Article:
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Canadian company Thoth Technology, Inc. is awarded a patent for an inflatable space elevator that is proposed to extend 20 kms into the stratosphere.

http://www.cnet.com/news/an-inflatable-s...-a-patent/
http://news.discovery.com/tech/robotics/...150818.htm
http://www.space.com/30272-space-elevato...atent.html

Ciao,

Terrafamilia
A few things about this idea; the inflatable tower would be very wobbly, but it could conceivably be stabilised by guy ropes. These ropes would effectively short out the electrical difference between the top and the bottom of the tower, which would be a challenging design consideration (but I wonder if it could be used to extract energy from the atmosphere somehow).

Secondly the runway on the top seems very short. I would change the design to incorporate a longer runway, or even an acceleration track - I seem to remember one interesting idea, which was a launch track suspended in the stratosphere by balloons. This track was many tens (possibly hundreds) of kilometres long, producing a concept like a Lofstrom Loop but held up by buoyancy.
I believe their concept design features some form of active stabilisation. Few things about this story:

1) It's an incredibly irritating example of how news media works. I must have seen five or six different articles people were sharing all over facebook with titles like "company to build tower 25x taller than worlds tallest building!" No they've come up with a concept design. They've not got any plan to build it.

2) With things like this the failure modes are always what I think of. There will always be accidents, what will happen to this structure if one of the returning planes lands poorly and crashes into the runway instead? What happens if it hits the tower? What happens if someone deliberately flies into the tower? If it's built in the middle of nowhere then it the human cost might be slim but the economic cost could be ruinous.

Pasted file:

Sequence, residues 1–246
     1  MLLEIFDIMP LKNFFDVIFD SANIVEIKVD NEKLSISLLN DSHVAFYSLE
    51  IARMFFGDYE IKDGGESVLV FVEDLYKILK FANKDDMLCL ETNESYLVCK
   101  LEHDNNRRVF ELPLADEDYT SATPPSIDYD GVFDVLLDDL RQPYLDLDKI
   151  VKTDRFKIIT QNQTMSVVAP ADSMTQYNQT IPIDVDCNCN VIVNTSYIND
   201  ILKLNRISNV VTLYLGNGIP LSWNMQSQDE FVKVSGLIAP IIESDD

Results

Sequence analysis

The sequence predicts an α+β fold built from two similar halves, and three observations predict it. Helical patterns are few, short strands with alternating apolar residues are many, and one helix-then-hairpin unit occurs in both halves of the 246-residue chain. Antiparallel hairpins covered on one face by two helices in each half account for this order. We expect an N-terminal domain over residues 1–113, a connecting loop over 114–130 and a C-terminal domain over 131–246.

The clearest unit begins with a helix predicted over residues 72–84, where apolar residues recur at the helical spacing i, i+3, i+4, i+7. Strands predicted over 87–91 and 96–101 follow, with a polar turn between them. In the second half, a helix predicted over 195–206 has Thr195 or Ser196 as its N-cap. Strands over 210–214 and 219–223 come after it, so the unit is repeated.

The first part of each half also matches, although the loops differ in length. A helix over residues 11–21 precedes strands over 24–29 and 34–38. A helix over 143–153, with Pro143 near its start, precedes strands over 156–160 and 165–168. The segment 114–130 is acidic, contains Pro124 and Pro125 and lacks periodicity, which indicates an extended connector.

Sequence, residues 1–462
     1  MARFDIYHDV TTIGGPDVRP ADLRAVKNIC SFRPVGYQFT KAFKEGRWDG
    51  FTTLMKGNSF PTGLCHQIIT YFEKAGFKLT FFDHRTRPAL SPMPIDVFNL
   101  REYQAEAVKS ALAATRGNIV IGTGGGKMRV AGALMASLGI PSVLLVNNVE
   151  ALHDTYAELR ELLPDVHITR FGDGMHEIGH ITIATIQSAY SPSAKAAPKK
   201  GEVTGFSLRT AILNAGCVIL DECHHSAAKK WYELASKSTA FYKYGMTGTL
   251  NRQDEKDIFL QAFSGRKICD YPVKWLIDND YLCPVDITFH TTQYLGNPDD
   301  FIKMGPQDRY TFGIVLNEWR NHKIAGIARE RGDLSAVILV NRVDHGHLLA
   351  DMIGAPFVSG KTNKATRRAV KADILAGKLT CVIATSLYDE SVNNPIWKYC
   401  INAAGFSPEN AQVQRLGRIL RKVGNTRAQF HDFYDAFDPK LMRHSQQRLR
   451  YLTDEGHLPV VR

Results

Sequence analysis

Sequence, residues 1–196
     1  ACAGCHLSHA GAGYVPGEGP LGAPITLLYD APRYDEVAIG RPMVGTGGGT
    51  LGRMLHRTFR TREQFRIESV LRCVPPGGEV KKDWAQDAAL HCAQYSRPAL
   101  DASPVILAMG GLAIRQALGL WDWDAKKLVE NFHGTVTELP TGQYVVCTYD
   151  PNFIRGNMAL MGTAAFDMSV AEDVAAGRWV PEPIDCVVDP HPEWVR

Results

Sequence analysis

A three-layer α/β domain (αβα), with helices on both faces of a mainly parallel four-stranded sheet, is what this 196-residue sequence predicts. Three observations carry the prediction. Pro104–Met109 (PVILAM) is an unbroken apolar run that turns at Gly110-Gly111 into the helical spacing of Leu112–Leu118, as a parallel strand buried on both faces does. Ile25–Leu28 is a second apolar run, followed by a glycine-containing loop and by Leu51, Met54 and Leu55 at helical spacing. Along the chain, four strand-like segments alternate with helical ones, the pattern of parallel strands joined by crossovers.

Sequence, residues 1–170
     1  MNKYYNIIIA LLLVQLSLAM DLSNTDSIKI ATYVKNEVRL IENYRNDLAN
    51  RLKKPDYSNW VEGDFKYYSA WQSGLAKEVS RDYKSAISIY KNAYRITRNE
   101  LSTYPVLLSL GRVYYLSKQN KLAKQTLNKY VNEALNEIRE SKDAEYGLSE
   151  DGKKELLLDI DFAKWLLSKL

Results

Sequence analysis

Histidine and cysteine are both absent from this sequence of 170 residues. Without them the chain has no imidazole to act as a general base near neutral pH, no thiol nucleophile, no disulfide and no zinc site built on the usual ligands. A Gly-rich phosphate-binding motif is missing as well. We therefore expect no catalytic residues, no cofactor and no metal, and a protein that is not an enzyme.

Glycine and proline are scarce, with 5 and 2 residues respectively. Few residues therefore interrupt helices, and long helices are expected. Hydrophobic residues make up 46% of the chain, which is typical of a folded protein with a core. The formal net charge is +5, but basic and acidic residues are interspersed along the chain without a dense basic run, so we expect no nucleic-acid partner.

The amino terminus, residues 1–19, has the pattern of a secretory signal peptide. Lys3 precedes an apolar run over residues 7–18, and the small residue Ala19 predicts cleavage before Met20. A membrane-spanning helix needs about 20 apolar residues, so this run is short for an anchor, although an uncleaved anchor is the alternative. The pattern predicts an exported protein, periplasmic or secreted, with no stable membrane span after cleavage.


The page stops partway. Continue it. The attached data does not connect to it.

(08-20-2015, 01:54 AM)Rynn Wrote: [ -> ]1) It's an incredibly irritating example of how news media works. I must have seen five or six different articles people were sharing all over facebook with titles like "company to build tower 25x taller than worlds tallest building!" No they've come up with a concept design. They've not got any plan to build it.

You guys remember that thread about star birth rates decreasing? Facebook mangled it. This is the kind of stuff that makes people believe gravity fails during planetary alignments.
[Image: 11846520_433582546831914_543473327875468...dzpmgn.jpg]

(08-20-2015, 01:54 AM)Rynn Wrote: [ -> ]2) With things like this the failure modes are always what I think of. There will always be accidents, what will happen to this structure if one of the returning planes lands poorly and crashes into the runway instead? What happens if it hits the tower? What happens if someone deliberately flies into the tower? If it's built in the middle of nowhere then it the human cost might be slim but the economic cost could be ruinous.

https://xkcd.com/697/
(08-20-2015, 02:47 AM)PortalHunter Wrote: [ -> ]You guys remember that thread about star birth rates decreasing? Facebook mangled it. This is the kind of stuff that makes people believe gravity fails during planetary alignments.
[Image: 11846520_433582546831914_543473327875468...dzpmgn.jpg]

Ergh yup. Might be professional grievance but I think it's worse in the biological and medical sciences. Earlier in the week I saw a headline saying "'Experts' u-turn AGAIN, now fat is good!". Every single minor piece of medical advice is turned into a massive sensationalist piece designed to make those researchers look stupid. In half the cases it isn't even a change in medical opinion it's just one random guy saying something that goes against a thousand other opinions.

(08-20-2015, 02:47 AM)PortalHunter Wrote: [ -> ]https://xkcd.com/697/

Lol, at least if it was cut low enough it would just cost you trillions :p being cut higher...now there's something you don't want if you live on the equator.